Heike A. Schänzel
This paper explores the relationship between social dimensions in tourism and
families. Social tourism has received increasing attention as a new form of tourism for disadvantaged families to increase their social capital. However, benefits to social relations such as strengthening social connectedness have been identified for some time within the larger family tourism market. This paper extends the understanding on‘social issues’ for families who travel, with important implications for human relationships and social life. This study is based on families in New Zealand. Parents were first surveyed through five primary schools (n = 110) and then given the option to be interviewed using a whole-family methodology for which 10 families volunteered (20 parents and 20 children). This study provides a generational perspective on the social dimensions on holiday in that parents are more deliberate about social identity formation whereas children seek fun and sociality. The findings further show that most families use travelling as an opportunity to strengthen social connections with friends and extended family. Family holidays serve the purpose of (re) connecting people through tourism that can be seen as a social practice that involves networking, social capital formation and social obligations. The contribution of family tourism then deserves more attention for its integral role in society.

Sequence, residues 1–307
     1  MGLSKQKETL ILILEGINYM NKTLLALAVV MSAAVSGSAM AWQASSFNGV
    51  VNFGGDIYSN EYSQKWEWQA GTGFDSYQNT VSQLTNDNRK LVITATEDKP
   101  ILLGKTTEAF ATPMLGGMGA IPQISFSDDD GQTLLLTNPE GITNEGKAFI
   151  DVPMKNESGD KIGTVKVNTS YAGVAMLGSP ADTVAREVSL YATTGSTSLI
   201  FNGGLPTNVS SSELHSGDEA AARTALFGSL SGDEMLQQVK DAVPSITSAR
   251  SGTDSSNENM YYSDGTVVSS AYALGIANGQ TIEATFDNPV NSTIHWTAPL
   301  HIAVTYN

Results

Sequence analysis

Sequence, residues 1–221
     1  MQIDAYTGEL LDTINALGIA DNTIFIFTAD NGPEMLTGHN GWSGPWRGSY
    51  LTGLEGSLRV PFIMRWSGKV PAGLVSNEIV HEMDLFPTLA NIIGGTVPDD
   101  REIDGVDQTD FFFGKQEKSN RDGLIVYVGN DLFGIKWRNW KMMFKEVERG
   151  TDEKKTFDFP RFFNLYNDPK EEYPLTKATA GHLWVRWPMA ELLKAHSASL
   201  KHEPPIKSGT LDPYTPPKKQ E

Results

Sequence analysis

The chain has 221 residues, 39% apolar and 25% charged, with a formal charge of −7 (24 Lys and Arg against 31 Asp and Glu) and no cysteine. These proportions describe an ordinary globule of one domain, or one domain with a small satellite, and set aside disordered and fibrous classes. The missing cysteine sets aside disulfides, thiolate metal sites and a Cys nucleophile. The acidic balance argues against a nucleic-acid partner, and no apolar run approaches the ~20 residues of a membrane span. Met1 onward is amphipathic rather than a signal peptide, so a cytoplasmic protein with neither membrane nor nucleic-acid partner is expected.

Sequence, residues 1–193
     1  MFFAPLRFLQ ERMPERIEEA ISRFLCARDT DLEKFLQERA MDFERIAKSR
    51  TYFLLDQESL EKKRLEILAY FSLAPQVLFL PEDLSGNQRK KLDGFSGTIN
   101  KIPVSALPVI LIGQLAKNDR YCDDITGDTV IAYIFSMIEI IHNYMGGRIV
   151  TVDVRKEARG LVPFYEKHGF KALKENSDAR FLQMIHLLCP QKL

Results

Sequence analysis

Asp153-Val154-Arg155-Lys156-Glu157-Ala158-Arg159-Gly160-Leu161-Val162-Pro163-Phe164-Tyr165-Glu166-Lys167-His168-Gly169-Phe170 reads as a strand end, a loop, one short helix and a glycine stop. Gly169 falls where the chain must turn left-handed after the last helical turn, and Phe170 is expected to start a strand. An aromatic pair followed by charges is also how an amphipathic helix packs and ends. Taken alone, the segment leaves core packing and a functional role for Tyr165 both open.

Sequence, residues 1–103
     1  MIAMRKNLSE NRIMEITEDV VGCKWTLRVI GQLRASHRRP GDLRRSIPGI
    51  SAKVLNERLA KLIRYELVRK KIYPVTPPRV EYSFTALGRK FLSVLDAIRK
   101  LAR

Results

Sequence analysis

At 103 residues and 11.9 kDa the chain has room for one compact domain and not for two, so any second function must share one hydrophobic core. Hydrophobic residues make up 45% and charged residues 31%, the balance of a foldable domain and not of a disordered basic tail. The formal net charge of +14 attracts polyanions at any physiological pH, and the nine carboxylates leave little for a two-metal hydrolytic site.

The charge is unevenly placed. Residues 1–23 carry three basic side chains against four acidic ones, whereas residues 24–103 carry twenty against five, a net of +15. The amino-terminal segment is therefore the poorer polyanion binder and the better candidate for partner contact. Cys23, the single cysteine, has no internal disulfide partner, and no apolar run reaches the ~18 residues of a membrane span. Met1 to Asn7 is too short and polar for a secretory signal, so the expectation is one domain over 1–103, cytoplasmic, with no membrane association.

Key words: Family tourism, social tourism, children, parents, social connectedness, social identities